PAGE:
Despite remarkable advances in our ability to treat glaucoma over the past few decades, it remains a devastating problem in many parts of the world. One reason for that is that our surgical treatment options tend to be challenging to perform, costly and involve significant risks of long-term complications. In many parts of the world, these factors help to make effective treatment difficult at best.

In a recent presentation at the 13th annual Yale Glaucoma Symposium, M. Bruce Shields, MD, Marvin L. Sears Professor and Chairman Emeritus of Ophthalmology & Visual Science at Yale University School of Medicine, spoke about past and current approaches to enhancing aqueous outflow, including his ongoing work with enhancement of the eye's uveoscleral outflow pathway.

"The reality is that the glaucoma surgical options we've been relying on for the past 100 years don't really meet the criteria we'd like to see," says Dr. Shields. "As a result, there's been a lot of research devoted to developing new glaucoma procedures, especially in the past decade. Several new alternatives to traditional techniques are being evaluated or are in use right now. Notably, while many traditional options create a pathway for aqueous to flow out of the anterior chamber into a subconjunctival space—which is not a physiologic approach—several of the newer options are striving to enhance the existing physiologic outflow pathways."

Four Roads to Travel

Dr. Shields finds it useful to divide approaches to enhancing outflow into four categories. "One group of options attempts to enhance outflow through the trabecular meshwork and Schlemm's canal," he says. "Alternatives such as canaloplasty, in which a suture inside Schlemm's canal is used to provide tension to hold the canal open, and the Trabectome, a handheld instrument that uses microelectrocautery to ablate a strip of tissue from the trabecular meshwork and Schlemm's canal, allowing the aqueous direct access to the outflow pathway, fall into this category. This approach is where most of the action and money are right now. However, this kind of approach often fails to lower pressure sufficiently; with the Trabectome, clinical data has shown mean postop pressures to be around 16 mmHg;1 with canaloplasty, postop pressures have been around 13 or 14 mmHg.2 In some patients, we really need to get pressures lower than this.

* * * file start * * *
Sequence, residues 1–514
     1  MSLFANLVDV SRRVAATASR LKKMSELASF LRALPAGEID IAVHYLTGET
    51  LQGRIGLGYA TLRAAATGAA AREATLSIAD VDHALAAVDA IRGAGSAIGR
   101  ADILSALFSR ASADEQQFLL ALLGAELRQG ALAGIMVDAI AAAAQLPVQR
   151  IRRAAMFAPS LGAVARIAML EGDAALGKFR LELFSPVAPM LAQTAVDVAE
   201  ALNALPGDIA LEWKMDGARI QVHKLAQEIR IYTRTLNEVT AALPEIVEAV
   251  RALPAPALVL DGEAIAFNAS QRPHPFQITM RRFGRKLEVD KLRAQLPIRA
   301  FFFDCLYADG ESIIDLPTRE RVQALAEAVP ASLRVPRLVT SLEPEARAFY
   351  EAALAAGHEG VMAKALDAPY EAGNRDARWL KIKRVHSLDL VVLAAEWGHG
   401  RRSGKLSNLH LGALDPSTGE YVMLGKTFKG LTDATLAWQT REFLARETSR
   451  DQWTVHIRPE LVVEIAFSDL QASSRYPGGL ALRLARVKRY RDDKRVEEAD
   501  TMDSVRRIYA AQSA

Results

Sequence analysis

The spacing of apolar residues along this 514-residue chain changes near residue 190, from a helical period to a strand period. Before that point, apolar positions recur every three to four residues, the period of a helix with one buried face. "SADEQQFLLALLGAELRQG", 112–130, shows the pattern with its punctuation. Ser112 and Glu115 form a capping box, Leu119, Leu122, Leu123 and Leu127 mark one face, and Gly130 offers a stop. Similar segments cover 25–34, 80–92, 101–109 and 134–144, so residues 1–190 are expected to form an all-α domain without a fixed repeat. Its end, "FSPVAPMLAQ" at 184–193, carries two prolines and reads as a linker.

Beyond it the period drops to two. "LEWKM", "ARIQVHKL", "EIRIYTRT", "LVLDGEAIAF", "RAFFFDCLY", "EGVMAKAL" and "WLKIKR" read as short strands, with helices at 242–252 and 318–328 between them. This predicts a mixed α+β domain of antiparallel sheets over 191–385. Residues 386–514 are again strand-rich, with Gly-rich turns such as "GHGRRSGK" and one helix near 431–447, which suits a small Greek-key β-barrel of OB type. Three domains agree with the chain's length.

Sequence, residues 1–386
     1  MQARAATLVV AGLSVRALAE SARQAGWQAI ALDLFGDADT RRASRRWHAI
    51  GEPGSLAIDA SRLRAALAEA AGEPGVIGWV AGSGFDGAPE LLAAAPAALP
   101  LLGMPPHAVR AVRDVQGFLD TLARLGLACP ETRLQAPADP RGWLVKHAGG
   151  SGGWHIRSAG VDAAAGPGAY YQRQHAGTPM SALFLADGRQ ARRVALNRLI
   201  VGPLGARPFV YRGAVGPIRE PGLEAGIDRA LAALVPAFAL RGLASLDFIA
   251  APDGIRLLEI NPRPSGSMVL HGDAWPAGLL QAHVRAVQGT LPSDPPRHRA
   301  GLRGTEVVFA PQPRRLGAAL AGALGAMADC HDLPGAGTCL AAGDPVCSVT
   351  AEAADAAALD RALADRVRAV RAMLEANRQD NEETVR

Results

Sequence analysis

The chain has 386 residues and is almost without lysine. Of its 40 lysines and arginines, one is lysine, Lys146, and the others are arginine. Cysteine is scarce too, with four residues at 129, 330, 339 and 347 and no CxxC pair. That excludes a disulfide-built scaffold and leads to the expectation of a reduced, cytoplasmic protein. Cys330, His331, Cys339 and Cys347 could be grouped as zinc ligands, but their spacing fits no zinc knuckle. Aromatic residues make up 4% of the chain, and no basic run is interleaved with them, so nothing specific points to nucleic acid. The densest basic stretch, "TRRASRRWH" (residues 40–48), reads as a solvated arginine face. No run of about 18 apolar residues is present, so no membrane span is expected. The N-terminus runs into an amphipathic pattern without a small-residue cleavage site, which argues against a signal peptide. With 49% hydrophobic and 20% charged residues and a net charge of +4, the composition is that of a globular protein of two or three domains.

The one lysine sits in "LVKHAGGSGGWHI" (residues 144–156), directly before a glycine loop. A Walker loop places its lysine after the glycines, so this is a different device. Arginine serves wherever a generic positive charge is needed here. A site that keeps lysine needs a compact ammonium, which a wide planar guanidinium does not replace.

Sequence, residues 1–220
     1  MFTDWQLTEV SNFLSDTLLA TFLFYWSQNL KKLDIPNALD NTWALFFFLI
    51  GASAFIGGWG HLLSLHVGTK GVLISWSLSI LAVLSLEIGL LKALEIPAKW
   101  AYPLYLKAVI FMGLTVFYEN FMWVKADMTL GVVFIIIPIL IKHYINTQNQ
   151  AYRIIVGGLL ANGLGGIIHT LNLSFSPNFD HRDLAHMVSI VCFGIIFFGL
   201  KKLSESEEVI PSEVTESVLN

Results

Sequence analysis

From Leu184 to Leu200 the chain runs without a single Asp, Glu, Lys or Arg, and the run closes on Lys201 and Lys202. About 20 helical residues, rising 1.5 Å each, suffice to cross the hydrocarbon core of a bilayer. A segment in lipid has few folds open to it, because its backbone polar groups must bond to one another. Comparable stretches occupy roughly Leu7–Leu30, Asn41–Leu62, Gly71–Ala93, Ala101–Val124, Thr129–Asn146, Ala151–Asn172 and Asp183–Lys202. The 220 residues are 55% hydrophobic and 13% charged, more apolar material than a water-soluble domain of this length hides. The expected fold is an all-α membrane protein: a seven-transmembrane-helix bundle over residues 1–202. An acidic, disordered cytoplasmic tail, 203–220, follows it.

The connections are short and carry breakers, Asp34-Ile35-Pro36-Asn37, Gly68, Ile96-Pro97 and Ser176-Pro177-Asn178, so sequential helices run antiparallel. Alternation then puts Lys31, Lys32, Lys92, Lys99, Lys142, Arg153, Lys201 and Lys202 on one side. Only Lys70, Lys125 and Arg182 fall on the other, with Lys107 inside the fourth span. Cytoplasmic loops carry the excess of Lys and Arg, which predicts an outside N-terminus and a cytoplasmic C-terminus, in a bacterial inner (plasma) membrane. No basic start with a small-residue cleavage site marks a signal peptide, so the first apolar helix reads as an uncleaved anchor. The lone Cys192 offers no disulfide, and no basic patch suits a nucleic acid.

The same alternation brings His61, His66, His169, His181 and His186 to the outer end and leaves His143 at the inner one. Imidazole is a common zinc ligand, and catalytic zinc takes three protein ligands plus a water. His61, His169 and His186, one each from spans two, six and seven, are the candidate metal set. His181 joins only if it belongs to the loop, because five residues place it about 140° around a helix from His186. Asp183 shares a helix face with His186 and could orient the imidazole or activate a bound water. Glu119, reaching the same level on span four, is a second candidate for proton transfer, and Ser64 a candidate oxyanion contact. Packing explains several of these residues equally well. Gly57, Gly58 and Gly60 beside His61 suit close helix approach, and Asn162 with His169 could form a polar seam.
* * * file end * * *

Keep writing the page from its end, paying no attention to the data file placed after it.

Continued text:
"A second category of outflow enhancement aims to direct the aqueous humor outside of the eye, onto the cornea, or at the limbus, or even back into the cul-de-sac," he continues. "Devices in this category include the transcorneal shunt. What prevents endophthalmitis, in theory, is the presence of millipore filters that allow the aqueous to egress, but prevent microorganisms from entering the eye. Several teams are exploring this type of outflow strategy."

Dr. Shields's third category includes traditional approaches such as trabeculectomy that direct aqueous humor into a subconjunctival space. "This creates a reservoir of fluid that raises the conjunctiva, creating a so-called filtering bleb," he notes. "The aqueous humor literally filters across the conjunctiva and is washed away in the tear film. Drainage implant devices such as the Baerveldt and Ahmed tube shunts also fall into this category."

Physiologic Outflow Pathways. Enhancing outflow through existing physiologic pathways might be a more effective means to lower pressure than creating non-physiologic pathways. (Figure from: Alm, Kaufman, et al. Uveoscleral Outflow: Biology and Clinical Aspects. Mosby-Wolfe Medical Publications, 1998. Used by permission.)
Dr. Shields believes that the problems inherent in this approach arise because this is not a physiologic outflow pathway. "The aqueous ends up in an area in which there's a lot of biological activity that can lead to scarring and failure, on the one hand, and breakdown of tissue causing leakage on the other hand," he points out. "Nevertheless, this type of approach is chosen most often today, as it has been for the past 100 years. Notably, use of trabeculectomy is declining because of the kind of postop complications just mentioned. The use of drainage implants such as the Ahmed and Baerveldt seems to be increasing, however.

"Given that fact," he adds, "it's worth considering whether drainage implant devices that shuttle fluid into the subconjunctival space are really that much better than trabeculectomy. They too have their potential problems: a complicated postoperative course; hypotony or hypertension; corneal decompensation and tissue erosion; and they often fail to lower intraocular pressure as far as we'd like."